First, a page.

Monday, February 17, 2014

The Price of a Bitcoin

What is the current price of one Bitcoin?

This is a very simple, straightforward question that should have an equally simple, straightforward answer.

And, yet, I haven't found the answer anywhere — not among bloggers, technologists, traditional journalists, economists, traders, or venture capitalists.

As of this writing, Mt. Gox indicates it's $374; Coinbase signals $658; BTC-e calls for $635; Bitstamp points to $655; Justcoin shows $679; LocalBitcoins seems to offer a range of $664–$828...

So, which is it? Do I get to choose? Does my transaction counterparty get to choose? Is it an average? Can I buy low (and then immediately sell high)? Maybe it’s the median?

In the world of equities — which feels like a reasonable parallel, considering so many people seem to be buying / holding Bitcoins as an investment, rather than an everyday currency — it would be like seeing wildly different digital quotes for Google's shares at every brokerage simultaneously: $1,202.80 at Schwab; $986.12 at E*TRADE; $759.54 at Fidelity; $844.03–919.99 at TD Ameritrade…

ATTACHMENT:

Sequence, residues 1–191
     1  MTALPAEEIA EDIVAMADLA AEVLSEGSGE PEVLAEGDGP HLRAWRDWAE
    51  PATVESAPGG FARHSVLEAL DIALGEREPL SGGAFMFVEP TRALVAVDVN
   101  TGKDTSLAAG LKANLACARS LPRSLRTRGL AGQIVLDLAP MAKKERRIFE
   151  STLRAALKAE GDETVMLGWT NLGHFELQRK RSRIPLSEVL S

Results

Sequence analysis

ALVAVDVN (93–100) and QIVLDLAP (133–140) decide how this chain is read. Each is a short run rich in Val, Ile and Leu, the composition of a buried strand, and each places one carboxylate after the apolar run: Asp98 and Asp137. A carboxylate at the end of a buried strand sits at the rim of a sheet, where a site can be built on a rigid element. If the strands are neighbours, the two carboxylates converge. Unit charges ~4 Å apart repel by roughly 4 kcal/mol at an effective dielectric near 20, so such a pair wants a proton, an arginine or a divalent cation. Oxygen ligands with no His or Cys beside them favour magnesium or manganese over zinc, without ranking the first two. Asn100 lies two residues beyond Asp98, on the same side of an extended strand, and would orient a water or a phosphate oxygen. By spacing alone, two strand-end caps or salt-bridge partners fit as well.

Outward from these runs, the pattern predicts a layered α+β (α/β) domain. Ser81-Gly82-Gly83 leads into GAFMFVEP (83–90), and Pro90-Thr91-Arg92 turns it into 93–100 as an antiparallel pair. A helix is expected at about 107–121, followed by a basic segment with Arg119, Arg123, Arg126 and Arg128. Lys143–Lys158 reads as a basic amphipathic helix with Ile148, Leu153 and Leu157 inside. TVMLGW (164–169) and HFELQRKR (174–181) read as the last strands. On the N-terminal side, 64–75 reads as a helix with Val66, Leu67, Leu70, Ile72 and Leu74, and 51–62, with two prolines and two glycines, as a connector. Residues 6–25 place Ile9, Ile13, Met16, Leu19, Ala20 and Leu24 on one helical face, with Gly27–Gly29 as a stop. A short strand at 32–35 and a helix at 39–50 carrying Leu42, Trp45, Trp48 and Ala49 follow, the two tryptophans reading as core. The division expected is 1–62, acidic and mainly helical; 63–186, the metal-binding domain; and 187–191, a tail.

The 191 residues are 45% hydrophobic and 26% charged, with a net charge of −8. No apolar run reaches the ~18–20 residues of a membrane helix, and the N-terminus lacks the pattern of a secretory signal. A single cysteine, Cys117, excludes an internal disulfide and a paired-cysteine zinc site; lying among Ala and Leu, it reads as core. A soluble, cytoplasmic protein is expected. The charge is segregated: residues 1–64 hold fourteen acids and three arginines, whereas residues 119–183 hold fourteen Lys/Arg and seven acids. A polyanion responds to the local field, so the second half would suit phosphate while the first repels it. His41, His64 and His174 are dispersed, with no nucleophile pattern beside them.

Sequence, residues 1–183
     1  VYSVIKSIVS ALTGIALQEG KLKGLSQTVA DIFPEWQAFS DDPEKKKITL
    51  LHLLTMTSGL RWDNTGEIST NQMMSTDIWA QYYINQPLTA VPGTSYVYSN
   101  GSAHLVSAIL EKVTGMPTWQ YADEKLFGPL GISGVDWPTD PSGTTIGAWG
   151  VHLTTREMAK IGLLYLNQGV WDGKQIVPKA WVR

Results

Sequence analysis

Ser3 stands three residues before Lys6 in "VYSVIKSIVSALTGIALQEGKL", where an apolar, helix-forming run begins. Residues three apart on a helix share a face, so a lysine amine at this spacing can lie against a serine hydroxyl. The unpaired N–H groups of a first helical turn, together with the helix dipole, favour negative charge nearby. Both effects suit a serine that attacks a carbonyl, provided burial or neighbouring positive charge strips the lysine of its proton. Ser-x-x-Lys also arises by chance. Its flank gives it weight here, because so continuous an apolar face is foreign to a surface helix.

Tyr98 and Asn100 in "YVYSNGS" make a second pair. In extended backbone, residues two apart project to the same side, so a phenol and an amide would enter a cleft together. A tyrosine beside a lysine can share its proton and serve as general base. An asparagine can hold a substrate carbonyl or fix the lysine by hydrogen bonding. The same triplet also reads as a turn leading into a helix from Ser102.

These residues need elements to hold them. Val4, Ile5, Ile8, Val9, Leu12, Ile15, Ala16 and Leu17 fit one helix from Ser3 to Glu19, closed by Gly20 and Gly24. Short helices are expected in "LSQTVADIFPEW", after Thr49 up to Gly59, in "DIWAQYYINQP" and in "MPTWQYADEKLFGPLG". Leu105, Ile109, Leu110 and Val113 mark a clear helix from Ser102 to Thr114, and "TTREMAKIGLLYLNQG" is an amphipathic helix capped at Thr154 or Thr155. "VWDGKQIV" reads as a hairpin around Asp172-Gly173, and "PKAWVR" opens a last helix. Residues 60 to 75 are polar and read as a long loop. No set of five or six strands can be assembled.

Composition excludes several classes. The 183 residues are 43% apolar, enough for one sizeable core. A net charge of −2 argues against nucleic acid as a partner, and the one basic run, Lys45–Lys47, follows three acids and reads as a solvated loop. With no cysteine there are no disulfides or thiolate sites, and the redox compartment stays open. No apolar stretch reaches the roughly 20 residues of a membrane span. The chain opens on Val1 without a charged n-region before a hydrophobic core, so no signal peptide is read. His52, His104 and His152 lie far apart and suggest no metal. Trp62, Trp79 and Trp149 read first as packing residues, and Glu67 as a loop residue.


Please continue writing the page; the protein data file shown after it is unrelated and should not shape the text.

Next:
Odd, right?

The only thing I think I can think, then, is that there are actually two components to any stated Bitcoin “price:” (i) the actual inherent value of one Bitcoin and (ii) the premium (or discount) associated with the various Bitcoin exchanges / platforms.

I’ve never seen or heard it presented in such a manner, but it seems to be the only plausible conclusion, in my mind.  

Which then begs the question: what is the actual inherent value of a Bitcoin versus the associated exchange / platform premiums (or discounts)?

Perhaps the answer is in Mt. Gox, where mounting distrust has likely destroyed any embedded premium in the platform?  If we assume that prices on Mt. Gox are even close to valid, would it then be reasonable to conclude that the inherent value of a Bitcoin is at or, perhaps, just below the $374 level, and that all other prices on all other exchanges are padded with ~$300 of premium?

Then again, what if Mt. Gox pricing now actually reflects a massive discount due to heightened fears of liquidity?  Maybe, then, the inherent value is really closer to $600 and there’s ~($225) of risk implied in a trade on Mt. Gox??

One Bitcoin; two wildly different, yet justifiable, possible values.

Which is correct?  I don’t know, and I’m nowhere near intelligent enough to solve the riddle (were I even inclined to try).  But, I would hope that with all of the attention being paid to Bitcoin by “smartest people in the room” types, an answer would be forthcoming.  Apparently, the future of commerce depends on it.